THE DISCOVERY OF PRUSSIAN BLUE. I used to take the existence of the different pigments used in painting for granted. Annalisa sent me this essay by John Griswold on the Huffington Post website about the discovery of Prussian blue. Prussian blue was discovered by accident in 1704. Griswold says that previously shades of blue were based on derivatives of lapis lazuli, which was worth more than five times its weight in gold, and was consequently unavailable to any but the richest artists (or their patrons).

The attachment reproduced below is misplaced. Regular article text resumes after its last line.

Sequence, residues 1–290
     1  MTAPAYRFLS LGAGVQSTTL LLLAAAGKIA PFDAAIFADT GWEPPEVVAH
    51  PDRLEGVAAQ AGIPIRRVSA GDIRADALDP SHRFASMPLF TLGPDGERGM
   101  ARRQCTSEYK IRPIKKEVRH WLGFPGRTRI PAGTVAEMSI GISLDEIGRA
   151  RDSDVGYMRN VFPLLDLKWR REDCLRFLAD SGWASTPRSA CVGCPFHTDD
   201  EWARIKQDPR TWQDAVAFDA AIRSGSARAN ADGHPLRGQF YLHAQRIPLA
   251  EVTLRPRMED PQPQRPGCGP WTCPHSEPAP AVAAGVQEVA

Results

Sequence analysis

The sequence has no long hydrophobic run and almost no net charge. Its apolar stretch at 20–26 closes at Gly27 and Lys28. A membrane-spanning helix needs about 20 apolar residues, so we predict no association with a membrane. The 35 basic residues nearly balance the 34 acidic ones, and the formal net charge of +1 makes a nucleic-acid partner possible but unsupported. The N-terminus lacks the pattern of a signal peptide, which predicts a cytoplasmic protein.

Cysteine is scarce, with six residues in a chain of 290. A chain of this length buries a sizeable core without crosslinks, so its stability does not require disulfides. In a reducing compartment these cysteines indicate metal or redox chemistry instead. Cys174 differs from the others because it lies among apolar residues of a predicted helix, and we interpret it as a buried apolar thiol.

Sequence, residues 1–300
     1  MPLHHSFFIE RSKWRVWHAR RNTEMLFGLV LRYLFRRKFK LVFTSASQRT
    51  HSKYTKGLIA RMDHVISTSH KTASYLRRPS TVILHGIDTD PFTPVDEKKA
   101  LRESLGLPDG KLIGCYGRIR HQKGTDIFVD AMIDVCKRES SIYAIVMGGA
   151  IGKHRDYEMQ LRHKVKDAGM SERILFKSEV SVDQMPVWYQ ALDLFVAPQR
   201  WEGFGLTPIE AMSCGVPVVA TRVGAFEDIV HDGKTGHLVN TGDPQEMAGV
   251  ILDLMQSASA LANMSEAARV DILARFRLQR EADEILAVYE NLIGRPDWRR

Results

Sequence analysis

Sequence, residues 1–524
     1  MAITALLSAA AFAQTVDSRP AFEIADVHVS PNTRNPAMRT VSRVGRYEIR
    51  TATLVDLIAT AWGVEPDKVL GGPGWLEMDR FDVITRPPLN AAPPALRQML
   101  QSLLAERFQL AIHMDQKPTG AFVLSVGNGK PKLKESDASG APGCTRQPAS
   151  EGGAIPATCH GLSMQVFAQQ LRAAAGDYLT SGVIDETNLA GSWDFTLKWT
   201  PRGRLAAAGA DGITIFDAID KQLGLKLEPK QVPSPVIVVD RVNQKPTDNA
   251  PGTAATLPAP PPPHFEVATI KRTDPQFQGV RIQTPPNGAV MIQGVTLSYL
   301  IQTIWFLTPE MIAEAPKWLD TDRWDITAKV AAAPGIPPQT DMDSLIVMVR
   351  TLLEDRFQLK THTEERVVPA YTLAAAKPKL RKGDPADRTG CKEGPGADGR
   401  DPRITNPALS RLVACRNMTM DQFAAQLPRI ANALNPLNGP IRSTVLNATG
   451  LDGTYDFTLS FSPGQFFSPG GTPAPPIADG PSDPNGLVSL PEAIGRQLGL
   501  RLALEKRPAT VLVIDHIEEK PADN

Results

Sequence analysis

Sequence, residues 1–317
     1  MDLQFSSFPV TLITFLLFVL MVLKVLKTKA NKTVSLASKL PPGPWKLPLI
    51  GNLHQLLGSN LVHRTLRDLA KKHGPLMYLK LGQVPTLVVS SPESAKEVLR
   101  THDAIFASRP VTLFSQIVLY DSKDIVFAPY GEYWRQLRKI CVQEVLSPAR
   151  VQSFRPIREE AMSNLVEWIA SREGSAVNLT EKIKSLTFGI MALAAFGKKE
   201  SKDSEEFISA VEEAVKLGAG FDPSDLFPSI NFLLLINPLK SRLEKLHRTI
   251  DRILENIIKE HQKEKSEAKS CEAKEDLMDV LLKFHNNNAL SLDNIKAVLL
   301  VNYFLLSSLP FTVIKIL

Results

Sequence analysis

Prussian blue for the first time made generally available a palette of oil paints which covered the full color wheel and encouraged a great deal of exploration of advancing and receding complementary colors. Prussian blue also had the advantage that a small amount of it gave a strong tint to other colors. “Painters could now mix a much wider spectrum of colors on their palette.”

The importance of pigments is illustrated by the fact that after the French Revolution, the Republic conducted a nationally subsidized quest for new paint pigments which resulted in the discovery of cobalt blue.

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